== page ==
Archive for the ‘Archaeology’ Category

Deluge by Paul Gustave Dore

The Deluge, bu Paul Gustave Dore. via Wikimedia

As a novelist setting a fictional story in the world before the Biblical Deluge, I find myself frequently having to make decisions about how to portray an ancient world that is only briefly described in the Bible account. One of those decisions has to do with the Nephilim, who are described at Gen 6: 1,2 4.

(Just so you know, I’m getting ready to release the first episode of an historical epic I’m calling The Cursed Ground, set in the ancient world. Once I start to release these stories, this blog might make a little more sense to interested folks.)

The question of who the Nephilim were came up recently in a discussion with a reader of my email newsletter, News and Updates From A. Roy King. As I understand it, there are two basic ideas about the identity of the Nephilim — that they were either humans or hybrid offspring of humans and materialized angels. I told my reader that the second explanation is the one that has always made the most sense to me. He raised the very good question whether angels have DNA that would allow them to have semi-human children. Since angels are spirit beings, it seems unlikely that they have DNA in their spirit state. However, various Bible accounts show that spirit beings are able to come to the earth and manifest physical bodies that can be touched and that can even eat — see Gen 18:8 and Luke 24:30. Such physical bodies could presumably have a genetic structure with the capability of reproducing.

Anyway, my primary interest here is not to get into long discussions over Biblical exegesis, but to explore the development of a fictional world. As I suggested above, I decided to portray the Nephilim as the offspring of humans and fallen angels. The Bible account associates the Nephilim with the increase of wickedness and violence on the earth, so I’ve decided to portray them as villains, along with their angelic fathers.

Doctored photo purporting to show archaeologists discovering skeletons of giants.

Doctored photo purporting to show archaeologists discovering skeletons of giants.

In working on this series, I’ve read many other fictional treatments of the pre-flood era — call it competitive research. Some of them try to follow the Biblical story closely, and others are more fanciful. I’ve written a couple of reviews over at Goodreads — see my reviews of Darren Aronofsky’s graphic novel Noah and of William Guy’s mythology-based story The Last Nephilim. Both of these stories present the Nephilim in a nuanced way, portraying them as not all and totally wicked, and even as potentially redeemable. It’s an interesting treatment, but in the end, I decided not to go in that direction.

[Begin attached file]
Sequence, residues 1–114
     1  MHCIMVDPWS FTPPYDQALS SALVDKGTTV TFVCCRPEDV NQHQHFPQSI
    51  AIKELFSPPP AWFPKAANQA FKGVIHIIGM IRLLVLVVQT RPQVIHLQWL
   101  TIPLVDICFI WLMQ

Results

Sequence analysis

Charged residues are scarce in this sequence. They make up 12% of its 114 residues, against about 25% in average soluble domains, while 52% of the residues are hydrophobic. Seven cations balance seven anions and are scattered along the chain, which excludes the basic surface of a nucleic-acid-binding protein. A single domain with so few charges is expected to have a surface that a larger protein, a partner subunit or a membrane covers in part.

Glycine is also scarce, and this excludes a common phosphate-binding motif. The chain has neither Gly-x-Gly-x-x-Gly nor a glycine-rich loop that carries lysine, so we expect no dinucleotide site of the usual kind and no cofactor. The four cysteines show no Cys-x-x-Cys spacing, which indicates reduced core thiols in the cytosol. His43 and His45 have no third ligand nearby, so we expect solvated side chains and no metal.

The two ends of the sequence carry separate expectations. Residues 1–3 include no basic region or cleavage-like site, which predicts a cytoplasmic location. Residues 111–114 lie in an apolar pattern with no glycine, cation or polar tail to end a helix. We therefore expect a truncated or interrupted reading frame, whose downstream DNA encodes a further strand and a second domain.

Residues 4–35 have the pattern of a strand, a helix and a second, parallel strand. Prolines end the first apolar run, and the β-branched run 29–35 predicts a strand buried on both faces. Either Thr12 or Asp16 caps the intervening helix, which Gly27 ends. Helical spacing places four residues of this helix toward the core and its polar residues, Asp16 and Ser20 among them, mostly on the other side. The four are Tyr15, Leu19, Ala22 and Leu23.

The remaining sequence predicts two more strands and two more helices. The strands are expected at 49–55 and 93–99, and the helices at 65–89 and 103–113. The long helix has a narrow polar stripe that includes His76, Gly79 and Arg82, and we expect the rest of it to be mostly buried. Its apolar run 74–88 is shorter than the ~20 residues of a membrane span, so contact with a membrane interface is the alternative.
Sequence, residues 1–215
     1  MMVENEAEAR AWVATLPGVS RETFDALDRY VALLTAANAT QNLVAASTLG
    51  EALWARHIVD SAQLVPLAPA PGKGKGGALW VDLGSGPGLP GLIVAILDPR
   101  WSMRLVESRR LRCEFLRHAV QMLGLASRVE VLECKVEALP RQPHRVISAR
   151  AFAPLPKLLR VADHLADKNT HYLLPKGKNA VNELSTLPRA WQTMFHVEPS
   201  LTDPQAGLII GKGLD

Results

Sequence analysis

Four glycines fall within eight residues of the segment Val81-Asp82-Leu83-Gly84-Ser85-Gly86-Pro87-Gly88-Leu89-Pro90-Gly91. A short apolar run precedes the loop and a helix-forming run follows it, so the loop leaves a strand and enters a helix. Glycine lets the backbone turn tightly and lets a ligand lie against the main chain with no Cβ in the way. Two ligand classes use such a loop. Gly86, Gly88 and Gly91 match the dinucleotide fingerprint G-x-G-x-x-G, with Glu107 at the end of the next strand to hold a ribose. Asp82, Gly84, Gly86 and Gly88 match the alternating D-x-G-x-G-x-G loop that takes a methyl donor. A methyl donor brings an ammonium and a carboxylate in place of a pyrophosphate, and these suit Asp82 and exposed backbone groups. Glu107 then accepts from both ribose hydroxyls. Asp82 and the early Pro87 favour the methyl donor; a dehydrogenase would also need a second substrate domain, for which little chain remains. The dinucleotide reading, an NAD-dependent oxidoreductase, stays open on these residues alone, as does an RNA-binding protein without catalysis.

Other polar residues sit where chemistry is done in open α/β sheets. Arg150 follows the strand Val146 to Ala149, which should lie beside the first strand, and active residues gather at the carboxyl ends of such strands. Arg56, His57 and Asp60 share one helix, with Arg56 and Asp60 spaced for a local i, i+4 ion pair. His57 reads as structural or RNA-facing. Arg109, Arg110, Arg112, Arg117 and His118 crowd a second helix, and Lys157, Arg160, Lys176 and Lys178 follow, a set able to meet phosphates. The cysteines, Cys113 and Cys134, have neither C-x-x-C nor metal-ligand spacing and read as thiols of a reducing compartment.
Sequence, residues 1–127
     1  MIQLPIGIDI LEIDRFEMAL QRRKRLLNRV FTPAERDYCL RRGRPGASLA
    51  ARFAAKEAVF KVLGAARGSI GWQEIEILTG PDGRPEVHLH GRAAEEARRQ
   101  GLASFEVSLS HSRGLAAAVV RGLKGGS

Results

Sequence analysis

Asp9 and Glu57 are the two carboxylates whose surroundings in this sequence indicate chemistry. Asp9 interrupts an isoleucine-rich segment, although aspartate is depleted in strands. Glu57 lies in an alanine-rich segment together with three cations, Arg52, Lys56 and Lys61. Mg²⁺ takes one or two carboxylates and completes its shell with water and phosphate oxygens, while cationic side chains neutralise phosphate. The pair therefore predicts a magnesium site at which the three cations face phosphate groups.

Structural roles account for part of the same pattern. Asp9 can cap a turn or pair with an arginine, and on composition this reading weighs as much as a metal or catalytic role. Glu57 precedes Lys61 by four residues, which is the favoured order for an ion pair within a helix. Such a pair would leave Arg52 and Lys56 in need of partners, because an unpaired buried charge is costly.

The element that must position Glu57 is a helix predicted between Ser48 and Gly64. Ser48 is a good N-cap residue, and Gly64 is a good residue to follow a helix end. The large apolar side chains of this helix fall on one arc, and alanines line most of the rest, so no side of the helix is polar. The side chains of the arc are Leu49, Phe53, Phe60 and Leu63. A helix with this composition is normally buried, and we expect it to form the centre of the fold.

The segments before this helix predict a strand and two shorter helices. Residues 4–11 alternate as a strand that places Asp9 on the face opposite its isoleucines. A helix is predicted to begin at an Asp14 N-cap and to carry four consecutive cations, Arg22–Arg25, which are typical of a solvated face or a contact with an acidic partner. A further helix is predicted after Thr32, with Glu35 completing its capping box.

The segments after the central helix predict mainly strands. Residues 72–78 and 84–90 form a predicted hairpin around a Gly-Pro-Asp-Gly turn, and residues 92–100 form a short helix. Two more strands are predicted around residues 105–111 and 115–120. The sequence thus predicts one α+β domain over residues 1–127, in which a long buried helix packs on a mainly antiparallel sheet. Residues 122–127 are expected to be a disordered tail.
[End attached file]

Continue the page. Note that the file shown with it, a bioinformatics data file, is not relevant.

In spite of all this discussion of the identity of the Biblical Nephilim, the true focus of my Edhai/Martyroi series (that’s what I’m calling the larger saga) is not on villains, but on humans and what it might have been like to live on the earth at various times in human history from a Biblical perspective. So the Nephilim and fallen angels are basically minor peripheral characters in these stories.

Some Bibles translate the Hebrew word ne-phi-lim’ as “giants.” I’m portraying them as unnaturally large, but more within the known range of human height, which seems to be able to reach as far as nine or ten feet.

I’ve written before about giants. One of the most popular articles on this site discusses the question whether archaeologists have discovered skeletons of giants and are covering up the fact — see “Have Archaeologists Found Skeletons of Biblical Giants in Greece?

Another question I’ve discussed has been “Could Giant Humans Exist?” In that post I explore the physical limits of the human body.





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My last two blog posts here were about the tenuousness of history, that is, the idea that we really know relatively little about the human past, especially about the ancient world — see “How Much Do We Really Know About Human History?” and “The First Named Author in History Was a Woman, but When Did She Live?

nilotic landscape from Santorinii

A bronze-age Egyptian-inspired “Nilotic” landscape from the Greek island of Santorini. Via Wikimedia Commons.

I thought I was done with this topic for awhile, but then by chance I ran across an interesting quotation by Helen J. Kantor (1919-1993), the famed Near East scholar who taught for many years at the University of Chicago. In her 1947 masterwork, The Aegean and the Orient in the Second Millennium B.C., Kantor admits that our knowledge of the ancient past is limited. Nevertheless, investigation is worth the effort, she writes, and as a result “it is possible to sketch a tentative outline of Aegean relations with the East and of the concomitant effects produced in Egyptian art.” (74)

However, in her lead-up to that statement, she makes an honest admission of the limitations of archaeological knowledge: